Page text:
Comptroller to Investigate Agencies Involved in NYC Lead Scandal

July 3, 2018 Updated: July 5, 2018    

On Sunday, New York Comptroller Scott Stringer announced an investigation of the agencies responsible for covering up a lead crisis in New York City’s public housing, calling the coverup “horrifying” and “outrageous.”

“This deception must end today,” he said in a statement. “It is horrifying that the Department of Health kept this information under wraps, and it is outrageous that the city continues to justify and minimize this scandal.”

Stringer said the investigation would cover the New York City Housing Authority (NYCHA), the mayor’s office, the Health Department, and the Department of Housing Preservation and Development, according to the New York Post. It will look at the city’s procedures for addressing lead poisoning hazards, he said.

The report comes after the de Blasio administration admitted that up to 820 children in NYCHA housing tested positive for elevated levels of lead between 2012 and 2016, and that the city did little about it.

As recently as last week, the de Blasio administration estimated that 19 or 20 children in public housing had concerning blood-lead levels. But now it admits that those numbers were off—by about 800.

The discrepancy, however, could be due to a difference in standards.

In 2012, the Centers for Disease Control and Prevention (CDC) updated its standards for what it considered a “level of concern” from 10 micrograms per deciliter of lead in the blood, to five micrograms. But NYCHA continued to follow the old standards, reports the Post.

In April, NYCHA head Shola Olatoye stepped down after it came to light that the agency had falsified reports to the federal government for years, erroneously reporting that mandated inspections for lead paint had been done at NYCHA housing when they hadn’t.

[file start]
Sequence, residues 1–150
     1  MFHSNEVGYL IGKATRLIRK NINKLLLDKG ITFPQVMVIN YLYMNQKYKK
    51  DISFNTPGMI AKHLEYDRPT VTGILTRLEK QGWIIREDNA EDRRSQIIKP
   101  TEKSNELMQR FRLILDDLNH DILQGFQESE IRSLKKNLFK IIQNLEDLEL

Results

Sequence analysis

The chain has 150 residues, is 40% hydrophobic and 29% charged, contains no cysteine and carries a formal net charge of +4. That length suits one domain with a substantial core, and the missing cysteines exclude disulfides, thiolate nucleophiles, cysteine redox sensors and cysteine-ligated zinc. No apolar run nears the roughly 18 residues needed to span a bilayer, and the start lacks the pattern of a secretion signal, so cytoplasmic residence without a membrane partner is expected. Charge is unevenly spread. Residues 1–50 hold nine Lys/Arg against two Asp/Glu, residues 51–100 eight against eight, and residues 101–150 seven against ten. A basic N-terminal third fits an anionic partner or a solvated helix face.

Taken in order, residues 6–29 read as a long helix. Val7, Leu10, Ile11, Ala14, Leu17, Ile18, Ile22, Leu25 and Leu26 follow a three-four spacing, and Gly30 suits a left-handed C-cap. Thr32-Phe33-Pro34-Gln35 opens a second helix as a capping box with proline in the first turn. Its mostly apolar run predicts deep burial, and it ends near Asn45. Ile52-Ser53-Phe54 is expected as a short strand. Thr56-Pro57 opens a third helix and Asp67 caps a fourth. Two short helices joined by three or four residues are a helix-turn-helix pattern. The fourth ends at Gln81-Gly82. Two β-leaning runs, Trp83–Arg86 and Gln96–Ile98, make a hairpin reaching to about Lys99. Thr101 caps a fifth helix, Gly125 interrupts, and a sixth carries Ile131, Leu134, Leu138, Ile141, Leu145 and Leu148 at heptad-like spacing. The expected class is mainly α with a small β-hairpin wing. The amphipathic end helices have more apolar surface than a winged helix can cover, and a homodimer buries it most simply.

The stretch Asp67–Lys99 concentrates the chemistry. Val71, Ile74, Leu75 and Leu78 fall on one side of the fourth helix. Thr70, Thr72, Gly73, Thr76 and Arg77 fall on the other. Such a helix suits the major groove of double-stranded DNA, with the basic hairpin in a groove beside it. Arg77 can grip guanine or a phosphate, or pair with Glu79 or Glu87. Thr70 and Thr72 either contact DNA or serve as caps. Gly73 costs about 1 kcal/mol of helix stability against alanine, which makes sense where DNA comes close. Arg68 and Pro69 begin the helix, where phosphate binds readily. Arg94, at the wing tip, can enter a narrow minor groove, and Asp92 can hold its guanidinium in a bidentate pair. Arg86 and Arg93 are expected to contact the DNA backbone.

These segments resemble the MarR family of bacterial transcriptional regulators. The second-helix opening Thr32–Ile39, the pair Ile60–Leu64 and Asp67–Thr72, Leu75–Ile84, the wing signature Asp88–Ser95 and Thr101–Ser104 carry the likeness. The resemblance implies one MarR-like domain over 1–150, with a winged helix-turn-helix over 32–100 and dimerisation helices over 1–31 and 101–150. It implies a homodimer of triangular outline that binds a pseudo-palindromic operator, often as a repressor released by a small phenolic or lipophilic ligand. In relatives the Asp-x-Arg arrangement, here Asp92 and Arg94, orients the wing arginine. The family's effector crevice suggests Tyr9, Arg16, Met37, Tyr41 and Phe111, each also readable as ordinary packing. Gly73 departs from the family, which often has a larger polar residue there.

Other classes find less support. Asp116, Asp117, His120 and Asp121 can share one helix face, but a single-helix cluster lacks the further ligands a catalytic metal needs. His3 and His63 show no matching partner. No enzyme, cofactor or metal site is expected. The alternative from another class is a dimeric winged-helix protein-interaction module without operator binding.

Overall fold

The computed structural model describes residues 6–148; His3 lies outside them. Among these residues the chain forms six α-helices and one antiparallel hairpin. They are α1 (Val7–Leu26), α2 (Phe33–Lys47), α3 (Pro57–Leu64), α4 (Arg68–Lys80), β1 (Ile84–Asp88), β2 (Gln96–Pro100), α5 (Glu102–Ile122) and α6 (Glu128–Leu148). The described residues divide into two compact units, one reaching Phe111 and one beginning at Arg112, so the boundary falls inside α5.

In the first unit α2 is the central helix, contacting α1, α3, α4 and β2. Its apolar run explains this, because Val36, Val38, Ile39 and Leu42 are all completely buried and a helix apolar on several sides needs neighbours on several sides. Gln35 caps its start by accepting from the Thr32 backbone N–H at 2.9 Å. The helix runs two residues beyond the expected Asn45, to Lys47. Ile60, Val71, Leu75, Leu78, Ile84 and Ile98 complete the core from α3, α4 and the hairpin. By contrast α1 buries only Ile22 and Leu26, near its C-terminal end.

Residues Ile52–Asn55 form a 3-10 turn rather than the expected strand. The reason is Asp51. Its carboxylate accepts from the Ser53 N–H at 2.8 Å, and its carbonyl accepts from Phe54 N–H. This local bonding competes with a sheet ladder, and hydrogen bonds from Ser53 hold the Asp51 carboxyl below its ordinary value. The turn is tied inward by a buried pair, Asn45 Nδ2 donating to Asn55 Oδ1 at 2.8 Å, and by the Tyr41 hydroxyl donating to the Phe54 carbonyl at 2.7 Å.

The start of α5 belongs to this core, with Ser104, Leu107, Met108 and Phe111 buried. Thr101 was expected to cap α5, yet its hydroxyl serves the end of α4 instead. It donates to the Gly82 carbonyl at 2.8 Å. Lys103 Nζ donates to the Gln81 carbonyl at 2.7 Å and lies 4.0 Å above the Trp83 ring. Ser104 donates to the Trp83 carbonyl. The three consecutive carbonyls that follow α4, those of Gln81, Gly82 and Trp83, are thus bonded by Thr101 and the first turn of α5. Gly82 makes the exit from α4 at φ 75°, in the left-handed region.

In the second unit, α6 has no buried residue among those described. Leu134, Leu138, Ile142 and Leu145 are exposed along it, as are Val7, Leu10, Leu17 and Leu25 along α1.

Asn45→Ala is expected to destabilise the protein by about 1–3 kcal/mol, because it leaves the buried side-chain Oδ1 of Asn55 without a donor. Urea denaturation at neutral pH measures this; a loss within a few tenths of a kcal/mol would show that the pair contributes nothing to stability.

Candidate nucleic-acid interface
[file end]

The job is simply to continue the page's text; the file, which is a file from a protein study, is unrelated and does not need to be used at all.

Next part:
De Blasio, who defended Alatoye right up until she left, went on the defensive Monday when asked about why the city didn’t follow up with inspections at homes where children were reported to have lead poisoning.

“Well some, in some cases they were, in some cases they weren’t to the best of my understanding,” he said on NY1 “But I want to be very clear, and this is scientific fact, lead has, lead exposure, lead poisoning comes from numerous sources.”

He also tried to minimize the severity of the findings, calling the CDC’s level of five micrograms per deciliter a “very low level.”

“Again the highest most stringent level is five micrograms, it’s actually a very low level of exposure, but what the federal government said is when you see that level, act quickly to try and make sure nothing worse happens,” he said.

The CDC says that no level of lead in a child’s blood is safe, and that even low levels can affect IQ and the ability to pay attention.

“And effects of lead exposure cannot be corrected,” the CDC website adds.

Stringer called for a complete overhaul of the NYCHA after the news broke in June that the city had entered into a settlement that required it to put $2.2 billion into a fund for toward substantive changes at NYCHA housing. The money was to be overseen by a federally-appointed monitor.

When asked why it took the city’s Department of Investigation (DOI) to report the number of children testing positive for elevated lead levels in public housing, de Blasio said that the numbers had always been available, but that they were mixed with those of children in private housing.

“When it comes to lead poisoning, the city’s stories & numbers keep changing,” Stringer tweeted. “New York’s kids deserve better. Our investigation will get to the bottom of it and fix this dysfunction.”

 

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